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New green building wins award before even opening

A new facility in Northern Ireland that will be dedicated towards researching green technology has already proven its credentials without even opening its doors.

The CREST (the Centre for Renewable Energy and Sustainable Technologies) centre in Enniskillen has been recognised with the Sustainable Building Project of the Year award at the Sustainable Ireland awards, the Belfast Telegraph reports.

Architect Paul McAlister told the publication the building was the "most complicated" structure he had ever worked on, with the £1.2 million site designed to be super energy efficient and have as low an ecological footprint as possible.

It has managed to achieve this through a range of measures, including minimised thermal bridging, triple-glazing, air tightness, super insulation, and mechanical ventilation and heat recovery. 

The team even created a thermal model to test how effective the design was, before modifying it accordingly and applying it to the finished article.

Project engineer Sean MacDiarmada said: "The important thing was to ensure that the building was importing a lot more than it was exporting, and on paper at least it appears that we've achieved that goal, with three times as much energy going in than coming out."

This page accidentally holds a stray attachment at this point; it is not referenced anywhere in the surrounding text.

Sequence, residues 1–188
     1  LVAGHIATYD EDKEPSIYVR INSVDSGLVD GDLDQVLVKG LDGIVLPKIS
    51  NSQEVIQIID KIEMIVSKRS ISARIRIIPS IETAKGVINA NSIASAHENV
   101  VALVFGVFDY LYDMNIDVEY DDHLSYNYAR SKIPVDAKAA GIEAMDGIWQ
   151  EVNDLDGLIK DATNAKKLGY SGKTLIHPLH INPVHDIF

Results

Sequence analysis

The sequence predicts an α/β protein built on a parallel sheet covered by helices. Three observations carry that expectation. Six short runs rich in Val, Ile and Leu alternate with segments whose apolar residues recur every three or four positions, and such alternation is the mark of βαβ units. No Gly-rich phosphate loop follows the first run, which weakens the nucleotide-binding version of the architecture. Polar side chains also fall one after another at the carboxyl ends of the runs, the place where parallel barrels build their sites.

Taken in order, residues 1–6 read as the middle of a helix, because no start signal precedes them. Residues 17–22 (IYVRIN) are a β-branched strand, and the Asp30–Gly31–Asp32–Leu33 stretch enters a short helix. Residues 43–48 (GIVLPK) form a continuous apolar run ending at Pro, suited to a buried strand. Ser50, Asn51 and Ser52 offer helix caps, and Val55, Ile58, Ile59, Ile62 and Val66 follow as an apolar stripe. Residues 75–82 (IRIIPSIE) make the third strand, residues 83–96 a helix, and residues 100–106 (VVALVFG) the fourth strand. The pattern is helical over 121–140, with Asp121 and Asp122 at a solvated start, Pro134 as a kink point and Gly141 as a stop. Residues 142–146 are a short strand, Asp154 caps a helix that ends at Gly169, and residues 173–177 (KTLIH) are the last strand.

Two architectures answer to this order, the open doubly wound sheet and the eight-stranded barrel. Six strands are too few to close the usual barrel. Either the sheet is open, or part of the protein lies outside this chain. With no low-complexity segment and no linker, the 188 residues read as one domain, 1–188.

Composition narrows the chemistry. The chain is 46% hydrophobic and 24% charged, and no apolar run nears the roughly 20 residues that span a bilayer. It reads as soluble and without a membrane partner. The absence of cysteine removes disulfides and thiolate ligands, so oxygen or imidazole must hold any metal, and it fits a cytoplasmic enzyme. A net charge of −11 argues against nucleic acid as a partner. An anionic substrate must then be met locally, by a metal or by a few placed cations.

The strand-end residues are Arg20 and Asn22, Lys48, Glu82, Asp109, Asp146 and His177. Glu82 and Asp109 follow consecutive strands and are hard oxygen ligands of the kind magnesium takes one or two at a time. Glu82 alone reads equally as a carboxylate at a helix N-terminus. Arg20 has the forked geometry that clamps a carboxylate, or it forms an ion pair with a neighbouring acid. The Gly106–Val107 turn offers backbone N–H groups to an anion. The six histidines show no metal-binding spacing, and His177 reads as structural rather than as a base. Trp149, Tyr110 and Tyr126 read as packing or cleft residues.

Meanwhile, Mr McAlister said he was very proud of the final design, with the fact that 11 people were involved emphasising how complicated the process was.

In addition to the features already mentioned, the centre also boasts automatic controls to regulate its lighting, which work alongside daylight sensors. In addition to this, rainwater will be collected from the roof of the building and directed to the internal water system to be used to flush the toilets.

It is hoped the CREST facility will now prove to be a best practice example for how other structures should be designed, as architects and developers increasingly look to build properties with high green credentials.

Posted by Paul Taylor